Clinical Practice Guidelines Clinical Practice Guidelines Instructions: 300 words Search and locate one systematic review or practice guideline in your

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Clinical Practice Guidelines Clinical Practice Guidelines
Instructions: 300 words

Search and locate one systematic review or practice guideline in your topic of interest (Include the citation). 
Evaluate the following: 

The systematic review or practice guideline relies primarily on studies conducted in the last five years. 
The review provides support for the importance of the study 
The authors have use primary, rather than secondary sources. 
Studies are critically examined and reported objectively 
The systematic review or practice guideline is organized so that a logical unfolding of Ideas is apparent that supports the need for the review 
The systematic review or practice guideline ends with a summary of the most important knowledge. Critical Appraisal of Systematic Reviews: Where Do You Start?

Critical Appraisal of Systematic Reviews: Where Do You Start?

After the presentation the student will be able to:

1. Recognize the value of systematic reviews in clinical practice
2. Understand the methodology of Systematic Reviews
3. Applied previous knowledge to identify the parts of a systematic review.
4. Organized the steps to conduct a systematic review.
5. Appraise Systematic Reviews based on it’s validity, and applicability to practice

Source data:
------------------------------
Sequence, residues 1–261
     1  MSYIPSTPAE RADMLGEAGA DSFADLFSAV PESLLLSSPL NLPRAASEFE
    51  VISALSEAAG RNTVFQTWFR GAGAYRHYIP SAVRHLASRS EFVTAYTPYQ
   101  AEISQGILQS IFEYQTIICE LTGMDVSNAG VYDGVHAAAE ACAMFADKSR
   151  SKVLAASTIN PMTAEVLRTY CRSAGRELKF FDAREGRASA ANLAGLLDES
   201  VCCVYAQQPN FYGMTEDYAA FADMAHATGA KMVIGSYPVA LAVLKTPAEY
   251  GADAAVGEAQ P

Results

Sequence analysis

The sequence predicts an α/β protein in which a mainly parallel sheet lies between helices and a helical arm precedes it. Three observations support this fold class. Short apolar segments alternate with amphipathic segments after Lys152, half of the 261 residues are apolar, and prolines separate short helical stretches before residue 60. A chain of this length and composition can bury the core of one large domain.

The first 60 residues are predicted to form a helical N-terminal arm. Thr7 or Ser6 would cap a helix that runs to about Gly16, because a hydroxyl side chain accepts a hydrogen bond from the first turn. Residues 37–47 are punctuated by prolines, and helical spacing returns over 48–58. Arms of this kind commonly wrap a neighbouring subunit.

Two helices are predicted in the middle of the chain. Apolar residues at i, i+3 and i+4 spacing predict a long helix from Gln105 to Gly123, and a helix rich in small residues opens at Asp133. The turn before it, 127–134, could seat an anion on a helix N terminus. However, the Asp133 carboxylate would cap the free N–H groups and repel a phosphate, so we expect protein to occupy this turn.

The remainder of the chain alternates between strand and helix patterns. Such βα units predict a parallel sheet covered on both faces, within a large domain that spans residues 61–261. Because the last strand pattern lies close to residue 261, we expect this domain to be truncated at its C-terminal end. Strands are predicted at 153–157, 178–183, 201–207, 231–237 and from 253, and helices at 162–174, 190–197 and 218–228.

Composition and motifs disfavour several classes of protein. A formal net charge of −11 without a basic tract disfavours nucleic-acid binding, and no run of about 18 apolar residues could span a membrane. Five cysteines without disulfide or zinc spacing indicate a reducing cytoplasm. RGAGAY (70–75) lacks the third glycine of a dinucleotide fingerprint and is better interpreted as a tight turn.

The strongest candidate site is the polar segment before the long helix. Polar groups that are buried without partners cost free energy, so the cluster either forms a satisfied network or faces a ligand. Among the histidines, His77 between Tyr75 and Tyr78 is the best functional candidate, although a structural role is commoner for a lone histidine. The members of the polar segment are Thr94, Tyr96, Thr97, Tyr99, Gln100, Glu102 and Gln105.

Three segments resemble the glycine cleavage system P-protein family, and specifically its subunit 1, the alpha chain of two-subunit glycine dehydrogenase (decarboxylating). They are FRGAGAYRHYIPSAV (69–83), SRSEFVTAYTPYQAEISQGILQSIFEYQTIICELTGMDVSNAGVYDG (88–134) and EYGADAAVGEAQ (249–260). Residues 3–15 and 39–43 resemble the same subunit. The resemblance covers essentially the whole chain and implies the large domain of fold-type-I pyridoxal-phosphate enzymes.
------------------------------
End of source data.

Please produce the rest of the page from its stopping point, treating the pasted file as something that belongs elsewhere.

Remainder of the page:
Systematic Reviews

A review in which evidence on a topic or research question has been systematically identified, appraised and summarised
according to predetermined criteria. Systematic reviews may incorporate metaanalysis, but don’t have to.

High-quality systematic reviews are considered the best possible sources of evidence for evaluating treatment effectiveness.

Meta-analysis A statistical technique. Summarises the results of several studies into a single estimate, giving more weight to
larger studies.

Publication bias When only studies with positive results are published, not the neutral or negative studies. If only published
studies are included in a systematic review, it may overestimate the effect of the treatment or intervention.

Critical Appraisal of Systematic Reviews: Asking the Right Questions

A critical appraisal is basically a detailed examination of published research for the purpose of making a decision about
scientific merit and, therefore, for making a decision about the use of the evidence in practice.

What is a Critical Appraisal?

Critical appraisal is also known as a research or evidence critique.
Critiquing the literature, appraising the literature, or critically evaluating the literature are phrases that refer to
a deliberate examination of a published research study and making a judgment as to the validity of its methods, importance
of the question and results, and application to practice.
A critical appraisal is basically a detailed examination of published research for the purpose of making a decision about
scientific merit.

Critical Appraisal Steps
A critical appraisal of a systematic review starts with asking questions about each of the which are
related to validity and reliability of the methods used to produce the systematic review; the meaning
and importance of the synthesized recommendations; and, finally, the ability to translate the findings
into clinical practice.

There are critical appraisal tools available to specifically appraise systematic reviews that you can find
from a variety of organizations.

Remember that this first set of subquestions is related to the methodological rigor of the study.

You are assessing whether the question was focused and important and whether the study methods reduced the possibility of
bias and minimized error as much as possible

Did the review address a focused clinical question?
What was the specific question (should include population, exposure/intervention, and outcomes) and was it sensible – that
is, was it too broad to be useful?